I can understand why people are afraid of Christ’s teaching, because it rips you away from all you’ve known, takes you away even from the security of family and friends and offers only the unseen and unproven community of humanity. But even the smallest taste of the reward of seeing Christ even in the eyes of the humblest among us will have you desiring more. And I understand the fear of believing in a sky god, so if that’s your hang-up, get rid of it for now. Embrace instead the idea of loving others as yourself, fearlessly. There is something to that notion that is real as gravity, though both are invisible forces. “Ah,” you say, “but science has proven gravity exists, it has not proven Christ’s message.” That may be true, but gravity did not require science’s blessing to exist, it had been doing its thing long before Sir Isaac Newton. It existed when man’s scientific understanding of the world they lived on could not fathom the Earth as a sphere but merely a flat plain. But the laws of gravity were obeyed despite the fact they were not understood, were intuited though not explored.

I invite you to investigate the radical notion of Christ’s teaching as a scientist would an unexplained natural phenomenon. With an open heart and an open mind. Not with a preconceived idea of what it is or is not, but with a curiosity for a force that has existed for millennia, an undeniable though as yet unexplainable something. I do not ask you to believe, in fact I think it is preferable that beliefs be left behind for this voyage. I ask only that you leave yourself open to the possibility of the experience, the seeing of the divine in even the least of your fellow human beings.

I could have done more, should probably always be doing more. Like I said before, I wasn’t anybody’s savior. But I do think perhaps we can all be each other’s saviors, each of us helping to save one another and humanity as a whole. And we can do so by always making the effort to see the humanity that exists in even the least of us.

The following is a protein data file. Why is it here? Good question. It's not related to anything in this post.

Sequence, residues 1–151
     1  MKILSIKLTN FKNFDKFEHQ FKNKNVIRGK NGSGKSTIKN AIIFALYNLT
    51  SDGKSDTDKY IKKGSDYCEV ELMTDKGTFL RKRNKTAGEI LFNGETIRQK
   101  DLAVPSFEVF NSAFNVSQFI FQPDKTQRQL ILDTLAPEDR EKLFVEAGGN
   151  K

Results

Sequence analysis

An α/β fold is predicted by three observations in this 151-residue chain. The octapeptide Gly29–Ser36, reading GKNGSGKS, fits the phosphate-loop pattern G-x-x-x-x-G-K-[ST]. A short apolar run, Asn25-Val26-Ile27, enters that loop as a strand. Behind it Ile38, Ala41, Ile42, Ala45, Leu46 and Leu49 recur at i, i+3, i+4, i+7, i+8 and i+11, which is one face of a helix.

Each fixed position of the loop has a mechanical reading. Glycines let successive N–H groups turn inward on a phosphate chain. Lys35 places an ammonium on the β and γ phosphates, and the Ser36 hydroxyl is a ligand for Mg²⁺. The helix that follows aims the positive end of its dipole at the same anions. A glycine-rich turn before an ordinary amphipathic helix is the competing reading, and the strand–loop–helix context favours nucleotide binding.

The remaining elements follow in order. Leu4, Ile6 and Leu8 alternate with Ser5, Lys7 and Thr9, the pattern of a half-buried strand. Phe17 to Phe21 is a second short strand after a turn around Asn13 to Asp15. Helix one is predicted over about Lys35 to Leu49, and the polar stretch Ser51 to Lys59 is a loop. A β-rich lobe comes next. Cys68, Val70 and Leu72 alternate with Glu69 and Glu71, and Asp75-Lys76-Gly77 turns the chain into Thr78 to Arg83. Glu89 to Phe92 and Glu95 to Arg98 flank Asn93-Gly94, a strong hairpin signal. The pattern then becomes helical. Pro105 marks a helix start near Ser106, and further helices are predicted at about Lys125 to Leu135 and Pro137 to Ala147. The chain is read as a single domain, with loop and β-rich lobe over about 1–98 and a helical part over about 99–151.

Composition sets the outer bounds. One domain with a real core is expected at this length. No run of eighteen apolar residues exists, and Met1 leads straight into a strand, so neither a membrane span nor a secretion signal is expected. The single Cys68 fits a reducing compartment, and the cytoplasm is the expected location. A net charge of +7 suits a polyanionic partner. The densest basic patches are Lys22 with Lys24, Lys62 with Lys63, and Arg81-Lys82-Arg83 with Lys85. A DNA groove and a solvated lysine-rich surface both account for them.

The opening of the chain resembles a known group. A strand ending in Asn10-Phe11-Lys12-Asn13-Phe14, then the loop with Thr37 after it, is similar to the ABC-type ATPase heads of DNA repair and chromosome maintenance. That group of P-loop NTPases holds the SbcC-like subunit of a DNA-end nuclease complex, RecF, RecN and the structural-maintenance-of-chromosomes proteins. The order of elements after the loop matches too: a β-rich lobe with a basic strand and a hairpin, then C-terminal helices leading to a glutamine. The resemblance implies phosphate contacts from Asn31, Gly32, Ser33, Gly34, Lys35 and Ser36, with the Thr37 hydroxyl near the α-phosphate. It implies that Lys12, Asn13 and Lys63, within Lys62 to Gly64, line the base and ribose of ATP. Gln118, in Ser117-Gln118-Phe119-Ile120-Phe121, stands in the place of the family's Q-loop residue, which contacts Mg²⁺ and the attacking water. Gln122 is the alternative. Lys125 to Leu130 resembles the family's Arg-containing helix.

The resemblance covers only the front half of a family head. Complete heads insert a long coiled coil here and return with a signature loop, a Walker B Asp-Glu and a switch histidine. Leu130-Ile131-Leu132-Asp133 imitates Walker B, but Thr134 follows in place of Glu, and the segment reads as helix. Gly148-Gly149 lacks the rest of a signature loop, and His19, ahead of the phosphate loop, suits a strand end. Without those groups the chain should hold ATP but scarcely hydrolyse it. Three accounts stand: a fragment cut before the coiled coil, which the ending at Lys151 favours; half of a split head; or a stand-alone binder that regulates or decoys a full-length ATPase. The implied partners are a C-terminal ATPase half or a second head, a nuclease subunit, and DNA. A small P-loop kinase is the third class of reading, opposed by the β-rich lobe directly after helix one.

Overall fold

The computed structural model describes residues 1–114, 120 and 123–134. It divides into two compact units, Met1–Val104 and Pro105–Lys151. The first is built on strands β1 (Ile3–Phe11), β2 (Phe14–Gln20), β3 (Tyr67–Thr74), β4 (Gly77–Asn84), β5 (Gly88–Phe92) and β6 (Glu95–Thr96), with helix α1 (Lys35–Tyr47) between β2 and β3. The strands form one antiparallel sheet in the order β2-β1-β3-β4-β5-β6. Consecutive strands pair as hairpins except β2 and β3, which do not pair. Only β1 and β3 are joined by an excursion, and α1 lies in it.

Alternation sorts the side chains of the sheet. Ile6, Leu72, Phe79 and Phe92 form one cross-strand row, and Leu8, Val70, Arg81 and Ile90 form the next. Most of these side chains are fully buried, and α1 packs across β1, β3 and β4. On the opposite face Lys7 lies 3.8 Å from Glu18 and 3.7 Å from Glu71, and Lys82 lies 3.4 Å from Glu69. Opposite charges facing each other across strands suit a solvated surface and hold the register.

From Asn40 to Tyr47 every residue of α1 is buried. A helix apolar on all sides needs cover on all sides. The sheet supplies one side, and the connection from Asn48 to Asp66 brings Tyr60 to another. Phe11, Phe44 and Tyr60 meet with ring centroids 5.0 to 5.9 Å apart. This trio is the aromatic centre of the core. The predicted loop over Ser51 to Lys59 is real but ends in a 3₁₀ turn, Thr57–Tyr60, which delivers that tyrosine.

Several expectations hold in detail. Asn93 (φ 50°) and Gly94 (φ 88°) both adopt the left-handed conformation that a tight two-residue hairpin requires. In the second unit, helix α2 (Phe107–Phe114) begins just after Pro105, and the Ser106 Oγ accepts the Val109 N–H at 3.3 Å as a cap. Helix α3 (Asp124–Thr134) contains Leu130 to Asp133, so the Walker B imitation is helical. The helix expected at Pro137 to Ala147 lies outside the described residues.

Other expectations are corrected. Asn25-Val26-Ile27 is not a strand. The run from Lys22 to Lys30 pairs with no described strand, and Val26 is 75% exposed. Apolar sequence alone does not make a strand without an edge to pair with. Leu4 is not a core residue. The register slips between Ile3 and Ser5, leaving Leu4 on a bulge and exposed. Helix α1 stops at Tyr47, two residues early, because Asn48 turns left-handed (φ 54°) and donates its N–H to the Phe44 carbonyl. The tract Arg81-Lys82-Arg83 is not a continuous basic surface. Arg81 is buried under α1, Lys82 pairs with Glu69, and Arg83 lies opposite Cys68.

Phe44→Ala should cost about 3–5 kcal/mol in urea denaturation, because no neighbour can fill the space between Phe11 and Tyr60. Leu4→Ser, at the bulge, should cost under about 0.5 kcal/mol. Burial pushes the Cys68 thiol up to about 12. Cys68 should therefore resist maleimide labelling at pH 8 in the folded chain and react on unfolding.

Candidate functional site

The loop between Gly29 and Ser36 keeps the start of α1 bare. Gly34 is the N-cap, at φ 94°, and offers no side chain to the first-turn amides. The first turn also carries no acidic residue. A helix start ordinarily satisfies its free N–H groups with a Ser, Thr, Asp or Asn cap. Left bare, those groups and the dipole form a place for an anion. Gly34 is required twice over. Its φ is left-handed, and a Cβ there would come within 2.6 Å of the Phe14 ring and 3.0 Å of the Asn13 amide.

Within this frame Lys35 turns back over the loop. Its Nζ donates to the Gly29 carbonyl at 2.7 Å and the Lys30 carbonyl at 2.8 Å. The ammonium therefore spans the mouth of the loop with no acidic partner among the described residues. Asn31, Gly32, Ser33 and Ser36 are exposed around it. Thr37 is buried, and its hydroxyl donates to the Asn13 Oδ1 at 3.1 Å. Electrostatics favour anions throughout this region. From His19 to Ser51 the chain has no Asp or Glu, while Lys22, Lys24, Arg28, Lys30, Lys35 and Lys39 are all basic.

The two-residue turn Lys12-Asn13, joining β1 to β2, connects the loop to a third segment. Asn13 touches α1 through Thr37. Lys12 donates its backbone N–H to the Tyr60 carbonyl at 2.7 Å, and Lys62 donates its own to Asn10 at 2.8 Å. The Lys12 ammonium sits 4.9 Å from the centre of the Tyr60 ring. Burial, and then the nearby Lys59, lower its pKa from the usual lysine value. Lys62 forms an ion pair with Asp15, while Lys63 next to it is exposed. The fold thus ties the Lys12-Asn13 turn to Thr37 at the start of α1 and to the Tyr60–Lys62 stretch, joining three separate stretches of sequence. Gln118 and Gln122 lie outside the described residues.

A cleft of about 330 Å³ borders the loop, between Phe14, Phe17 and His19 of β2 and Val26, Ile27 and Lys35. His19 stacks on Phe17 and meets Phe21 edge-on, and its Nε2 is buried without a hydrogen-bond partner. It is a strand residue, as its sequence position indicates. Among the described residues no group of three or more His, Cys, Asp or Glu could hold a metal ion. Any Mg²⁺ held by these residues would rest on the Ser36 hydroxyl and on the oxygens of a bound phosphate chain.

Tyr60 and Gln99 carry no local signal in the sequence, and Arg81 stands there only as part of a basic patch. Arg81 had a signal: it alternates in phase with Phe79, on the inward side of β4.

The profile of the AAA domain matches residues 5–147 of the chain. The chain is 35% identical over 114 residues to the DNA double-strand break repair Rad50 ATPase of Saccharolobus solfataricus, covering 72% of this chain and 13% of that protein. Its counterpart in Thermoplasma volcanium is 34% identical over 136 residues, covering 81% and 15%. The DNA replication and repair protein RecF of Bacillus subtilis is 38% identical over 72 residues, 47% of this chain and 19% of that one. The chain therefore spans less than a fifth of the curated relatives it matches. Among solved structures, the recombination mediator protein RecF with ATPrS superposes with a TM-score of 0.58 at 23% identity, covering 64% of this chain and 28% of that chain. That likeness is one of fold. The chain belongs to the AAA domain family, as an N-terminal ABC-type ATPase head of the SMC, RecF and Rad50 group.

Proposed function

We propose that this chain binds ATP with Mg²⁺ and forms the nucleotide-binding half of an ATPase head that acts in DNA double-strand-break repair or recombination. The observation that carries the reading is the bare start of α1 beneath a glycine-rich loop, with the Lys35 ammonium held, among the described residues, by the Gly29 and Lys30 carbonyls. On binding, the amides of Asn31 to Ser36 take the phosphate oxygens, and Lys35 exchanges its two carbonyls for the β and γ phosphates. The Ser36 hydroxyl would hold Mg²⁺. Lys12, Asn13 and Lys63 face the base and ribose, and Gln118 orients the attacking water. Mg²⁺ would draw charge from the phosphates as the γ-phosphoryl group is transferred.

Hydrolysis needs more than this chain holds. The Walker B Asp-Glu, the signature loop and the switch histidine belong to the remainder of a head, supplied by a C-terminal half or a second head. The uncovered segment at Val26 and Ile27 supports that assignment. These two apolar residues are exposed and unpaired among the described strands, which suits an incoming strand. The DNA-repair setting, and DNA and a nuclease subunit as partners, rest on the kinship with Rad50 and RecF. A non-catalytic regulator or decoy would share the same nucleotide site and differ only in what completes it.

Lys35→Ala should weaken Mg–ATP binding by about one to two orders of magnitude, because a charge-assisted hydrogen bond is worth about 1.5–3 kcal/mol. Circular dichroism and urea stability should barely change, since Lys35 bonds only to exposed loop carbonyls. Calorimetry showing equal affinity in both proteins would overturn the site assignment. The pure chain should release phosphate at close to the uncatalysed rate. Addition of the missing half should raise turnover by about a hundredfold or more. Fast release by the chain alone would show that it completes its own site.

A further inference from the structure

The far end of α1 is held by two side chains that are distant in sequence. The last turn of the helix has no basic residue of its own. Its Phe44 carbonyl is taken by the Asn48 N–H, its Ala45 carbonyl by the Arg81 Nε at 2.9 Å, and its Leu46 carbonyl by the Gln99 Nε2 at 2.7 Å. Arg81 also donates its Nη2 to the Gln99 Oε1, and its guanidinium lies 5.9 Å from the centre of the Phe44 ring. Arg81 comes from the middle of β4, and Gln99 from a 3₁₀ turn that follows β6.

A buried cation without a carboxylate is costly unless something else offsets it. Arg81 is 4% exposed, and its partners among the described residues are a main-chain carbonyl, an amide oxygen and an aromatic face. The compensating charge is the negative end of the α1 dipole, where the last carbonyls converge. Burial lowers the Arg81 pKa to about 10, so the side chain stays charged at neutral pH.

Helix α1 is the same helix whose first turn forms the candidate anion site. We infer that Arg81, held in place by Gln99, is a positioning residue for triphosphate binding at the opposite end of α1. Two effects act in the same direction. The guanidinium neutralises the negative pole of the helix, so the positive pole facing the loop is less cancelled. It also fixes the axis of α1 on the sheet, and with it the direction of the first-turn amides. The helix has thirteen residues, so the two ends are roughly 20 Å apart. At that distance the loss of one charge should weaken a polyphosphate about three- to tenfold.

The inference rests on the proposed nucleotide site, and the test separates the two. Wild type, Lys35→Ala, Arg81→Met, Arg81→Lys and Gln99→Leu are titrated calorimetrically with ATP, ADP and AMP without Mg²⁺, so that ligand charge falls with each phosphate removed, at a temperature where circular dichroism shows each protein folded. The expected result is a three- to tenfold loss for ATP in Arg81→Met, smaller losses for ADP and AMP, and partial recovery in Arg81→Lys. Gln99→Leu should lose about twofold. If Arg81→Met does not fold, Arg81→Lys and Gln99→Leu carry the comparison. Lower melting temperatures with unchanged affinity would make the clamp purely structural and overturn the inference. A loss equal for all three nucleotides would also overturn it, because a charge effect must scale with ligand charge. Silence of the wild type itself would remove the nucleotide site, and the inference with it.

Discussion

Sunday, April 7, 2019

Think Twice Before Finding Something To Do

Hamlet Contemplates Doing Something

It has come to my attention that the less tasks I undertake the less busy I am and the more time I have for other things, such as relaxing. As a matter of fact, the only logical explanation for doing anything at all is to get it out of the way so that later you can relax. And the truth is, most things don’t need doing in the first place so you’re just putting one extra step in between you and relaxation time.

Always put off until tomorrow what can be done today, because by tomorrow conditions might change. If they do not, you will it least have an extra day to come up with a reason you shouldn’t have to do it tomorrow, either. If you follow in this advice long enough it is very likely that some busybody will tire of waiting for you and do it himself, or else people will adapt and forget a problem exists at all. People adjust rather quickly once realistic hope fades from the equation.

Thinking about doing something is okay, but it's a step in the wrong direction. If you do it properly, it is a nice form of relaxation to contemplate actually accomplishing something. But sometimes such flights of fancy lead to inspiration, which is quite dangerous, in that it leads to actually start something, and that is the kiss of death. Starting something is like signing a piece of paper an Army recruiter puts in front of you: you’ve committed to a long stretch of time in which you will suddenly find yourself wed to work you have no interest in performing.

There has never been a time when I started a project that my inspiration has outlasted the task. 15 minutes into even the simplest job will reveal complications I never imagined possible. But there’s no stopping at that point: even stopping will require work just to get back to where you were before you started. If you quit and walk away then you’ll be left with a mess of tools lying around that were neatly packed away before motivation got the better of you. Not only will you have yet another messy area in your house, you will have that sense of failure hanging over you as you settle into your place on the couch and try to watch television. There will be a sense of guilt you cannot shake, and guilt is a very dangerous thing, because it will lead in the future to you trying to redeem yourself by starting some other unnecessary project and seeing it through to completion.

And say you do carry a project to completion, what then? Say you’ve found the intestinal fortitude to build a garage or a swimming pool: it’s only going to lead to more work. That pool will have to be cleaned frequently, that garage will need painting and repairs. Whereas if you had simply sat on your couch for the amount of time it took you to accomplish something, you would now have far more time to sit around now. Not only that, you’ve established a very bad precedent, one which others will then try to hold you to.